Dr. Enright began exploring the possibility of sharing his forgiveness interventions with incarcerated individuals in early 2015 and he initiated his first in-prison research project later that year. Project team members included Dr. Gambaro and associates from the University of Wisconsin-Madison, the University of Ljubljana, Slovenia, and the University of the Philippines-Diliman, Philippines.
Why Forgiveness Therapy Works for People in Prison. . ."Unjust treatment from others can lead to inner pain, which can lead to anger. Unresolved anger can deepen and linger, turning to what we call excessive anger, compromising one's psychological health and behavior. Excessive anger can turn to rage (very intense, potentially violent anger) which can fuel crime, a lack of cooperation within the prison system, and increased recidivism rates. When the excessive anger is caused by unjust behavior from others, prior to a person's crime, conviction, and imprisonment, then we can reduce and even eliminate the excessive anger through the empirically-verified treatment of Forgiveness Therapy.Forgiveness Therapy may be one of the few existing mental health approaches which offer the opportunity to be free of excessive anger, perhaps for the first time in the person's life."From the Abstract of Dr. Enright's first research project (2016) in a maximum-security prison - Proposing Forgiveness Therapy for those in Prison: An Intervention Strategy for Reducing Anger and Promoting Psychological Health.
Both the anecdotal and actual results of that initial project were extremely positive. In one group of 12 inmates receiving Forgiveness Therapy, their anger, anxiety, and depression went down significantly. The men themselves credited the forgiveness group experience for those positive outcomes and the facility’s warden asked that the program continue and expand.
In a similar study in South Korea, Forgiveness Therapy was tested against both an alternative skill streaming program and a no-treatment control group. The 48 female participants were adolescent aggressive victims ranging in age from 12 to 21 years old. After 12 weeks, findings showed that the participants receiving Forgiveness Therapy reported statistically significant decreases in anger, hostile attribution, aggression, and delinquency at posttest and follow-up assessments. Additional results included improved grades at the posttest.
“The reality of Forgiveness Therapy is that as those who are imprisoned learn how to give the gift of forgiveness to those who abused them, their inner world becomes healthier,” Dr. Enright says. “Anger has a way of landing some people in medical facilities and eventually contributes to their serious crimes and long prison terms. Forgiveness Therapy can put an end to that poisonous anger.”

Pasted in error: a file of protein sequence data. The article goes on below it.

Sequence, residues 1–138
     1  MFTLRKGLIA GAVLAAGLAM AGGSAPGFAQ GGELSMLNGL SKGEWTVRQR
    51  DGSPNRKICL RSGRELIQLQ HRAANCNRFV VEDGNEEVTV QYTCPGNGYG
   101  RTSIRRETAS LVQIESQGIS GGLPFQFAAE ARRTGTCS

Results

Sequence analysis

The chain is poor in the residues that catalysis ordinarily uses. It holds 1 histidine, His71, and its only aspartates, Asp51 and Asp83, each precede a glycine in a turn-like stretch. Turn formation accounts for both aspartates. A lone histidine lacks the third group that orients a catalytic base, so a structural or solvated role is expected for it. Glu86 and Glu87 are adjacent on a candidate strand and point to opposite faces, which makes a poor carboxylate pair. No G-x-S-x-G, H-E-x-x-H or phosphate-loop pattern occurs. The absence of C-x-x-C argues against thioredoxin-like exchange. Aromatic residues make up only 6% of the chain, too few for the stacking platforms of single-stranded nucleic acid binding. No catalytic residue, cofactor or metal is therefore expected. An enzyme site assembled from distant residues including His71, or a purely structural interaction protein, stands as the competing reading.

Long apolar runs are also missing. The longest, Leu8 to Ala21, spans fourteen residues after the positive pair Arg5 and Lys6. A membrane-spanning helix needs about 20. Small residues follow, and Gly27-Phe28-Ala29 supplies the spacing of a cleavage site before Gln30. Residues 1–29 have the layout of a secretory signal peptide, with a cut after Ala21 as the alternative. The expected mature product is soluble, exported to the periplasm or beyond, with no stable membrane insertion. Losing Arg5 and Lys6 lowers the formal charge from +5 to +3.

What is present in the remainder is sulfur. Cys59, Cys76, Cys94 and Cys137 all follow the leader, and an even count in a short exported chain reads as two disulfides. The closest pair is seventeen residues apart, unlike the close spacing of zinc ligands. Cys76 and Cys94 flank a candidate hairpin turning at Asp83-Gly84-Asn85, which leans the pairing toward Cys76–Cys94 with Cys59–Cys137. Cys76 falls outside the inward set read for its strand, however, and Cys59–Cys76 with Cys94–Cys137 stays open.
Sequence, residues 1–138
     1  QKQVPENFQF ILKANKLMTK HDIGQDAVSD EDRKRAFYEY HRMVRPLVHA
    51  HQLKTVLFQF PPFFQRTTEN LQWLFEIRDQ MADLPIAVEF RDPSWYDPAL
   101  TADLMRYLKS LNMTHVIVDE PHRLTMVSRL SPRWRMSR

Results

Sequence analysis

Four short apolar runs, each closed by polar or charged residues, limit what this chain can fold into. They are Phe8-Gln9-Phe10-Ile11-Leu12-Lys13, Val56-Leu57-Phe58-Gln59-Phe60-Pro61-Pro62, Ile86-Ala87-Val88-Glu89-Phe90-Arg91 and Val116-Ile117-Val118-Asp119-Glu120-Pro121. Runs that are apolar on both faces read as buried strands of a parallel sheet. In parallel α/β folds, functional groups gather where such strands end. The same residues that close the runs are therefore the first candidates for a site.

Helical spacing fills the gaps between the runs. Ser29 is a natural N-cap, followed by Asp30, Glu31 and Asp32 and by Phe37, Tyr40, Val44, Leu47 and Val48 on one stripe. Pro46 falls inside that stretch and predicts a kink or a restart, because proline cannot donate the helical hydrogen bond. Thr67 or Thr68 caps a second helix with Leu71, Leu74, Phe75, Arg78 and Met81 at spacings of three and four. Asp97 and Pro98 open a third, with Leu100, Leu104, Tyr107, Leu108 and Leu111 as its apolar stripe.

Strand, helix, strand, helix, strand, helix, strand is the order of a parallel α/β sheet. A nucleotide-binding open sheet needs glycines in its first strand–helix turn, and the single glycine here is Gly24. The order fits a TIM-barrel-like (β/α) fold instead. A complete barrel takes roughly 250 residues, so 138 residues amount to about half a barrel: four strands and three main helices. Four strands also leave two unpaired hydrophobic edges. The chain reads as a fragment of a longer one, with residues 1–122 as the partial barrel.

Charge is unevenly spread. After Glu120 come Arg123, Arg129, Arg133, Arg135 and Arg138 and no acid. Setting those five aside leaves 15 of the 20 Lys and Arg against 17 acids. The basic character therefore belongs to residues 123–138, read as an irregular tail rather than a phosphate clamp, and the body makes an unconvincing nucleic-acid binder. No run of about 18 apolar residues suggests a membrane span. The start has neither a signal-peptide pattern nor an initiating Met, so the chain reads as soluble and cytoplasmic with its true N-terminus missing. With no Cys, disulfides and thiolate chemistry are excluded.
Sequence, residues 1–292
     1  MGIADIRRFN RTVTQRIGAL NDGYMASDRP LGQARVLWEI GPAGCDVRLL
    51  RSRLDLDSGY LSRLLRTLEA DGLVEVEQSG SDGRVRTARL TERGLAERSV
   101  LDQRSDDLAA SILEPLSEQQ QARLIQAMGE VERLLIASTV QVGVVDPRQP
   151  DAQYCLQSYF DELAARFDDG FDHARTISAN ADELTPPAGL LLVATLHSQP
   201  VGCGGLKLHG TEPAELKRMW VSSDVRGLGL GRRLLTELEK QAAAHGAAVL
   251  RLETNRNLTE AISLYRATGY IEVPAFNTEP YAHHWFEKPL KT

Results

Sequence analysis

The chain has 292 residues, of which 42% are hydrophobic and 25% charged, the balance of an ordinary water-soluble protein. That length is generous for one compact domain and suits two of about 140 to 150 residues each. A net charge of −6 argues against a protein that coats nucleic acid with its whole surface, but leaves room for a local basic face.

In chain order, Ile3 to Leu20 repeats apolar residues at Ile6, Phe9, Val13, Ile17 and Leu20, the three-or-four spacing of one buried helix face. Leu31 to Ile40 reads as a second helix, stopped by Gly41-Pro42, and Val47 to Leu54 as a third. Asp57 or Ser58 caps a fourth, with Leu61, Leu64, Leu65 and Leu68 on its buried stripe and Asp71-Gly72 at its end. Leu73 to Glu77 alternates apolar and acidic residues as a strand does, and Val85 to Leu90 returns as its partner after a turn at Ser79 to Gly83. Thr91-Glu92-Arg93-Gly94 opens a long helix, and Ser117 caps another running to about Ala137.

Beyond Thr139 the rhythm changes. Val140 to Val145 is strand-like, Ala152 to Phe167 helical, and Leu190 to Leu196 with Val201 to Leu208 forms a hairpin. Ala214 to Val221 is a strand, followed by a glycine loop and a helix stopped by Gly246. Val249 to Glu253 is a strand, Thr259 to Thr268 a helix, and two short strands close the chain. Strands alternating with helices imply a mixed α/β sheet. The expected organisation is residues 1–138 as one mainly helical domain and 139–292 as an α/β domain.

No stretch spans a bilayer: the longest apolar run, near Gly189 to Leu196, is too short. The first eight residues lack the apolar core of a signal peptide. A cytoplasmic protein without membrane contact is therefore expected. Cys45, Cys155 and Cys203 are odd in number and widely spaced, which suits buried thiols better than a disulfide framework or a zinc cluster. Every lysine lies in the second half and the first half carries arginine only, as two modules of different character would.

One success story Dr. Enright cites is an imprisoned person he calls Jonah (not his real name). Jonah personally told Dr. Enright, during one of his follow-up visits to the facility, that “forgiveness saved my life.” Jonah also wrote an article for the prison newsletter outlining how confronting his anger enabled him to change his life.
“Jonah has been set free inside even though his body is imprisoned and will be for many years to come,” Dr. Enright explained. “The past pain will not continue to crush him because he has an antidote to the build-up of toxic anger–forgiveness.”
Testimonials from other imprisoned Forgiveness Therapy participants include these:
“I have been imprisoned now 6 different times. I am convinced that on my first arrest, had I read your book, 8 Keys to Forgiveness, I never would have experienced the other 5.”
“My first imprisonment occurred when I was 12 years old. If you can find a way to give 12-year-olds Forgiveness Therapy, they will not end up as I have in maximum security prison.”
Dr. Gambaro, one of those who helped spearhead the initial Forgiveness Therapy work, has as one of her goals to help imprisoned people prepare for re-entry back into society and reduce the chances that they will return to the facility.
“When you look at a population of imprisoned people, 95 percent of them are released back in the community,” Gambaro adds. “No matter what you think of those who are imprisoned, they could be your neighbor, someone on the road, or someone at the gas station. Our goal is to help them reintegrate into society so they don’t reincarcerate.”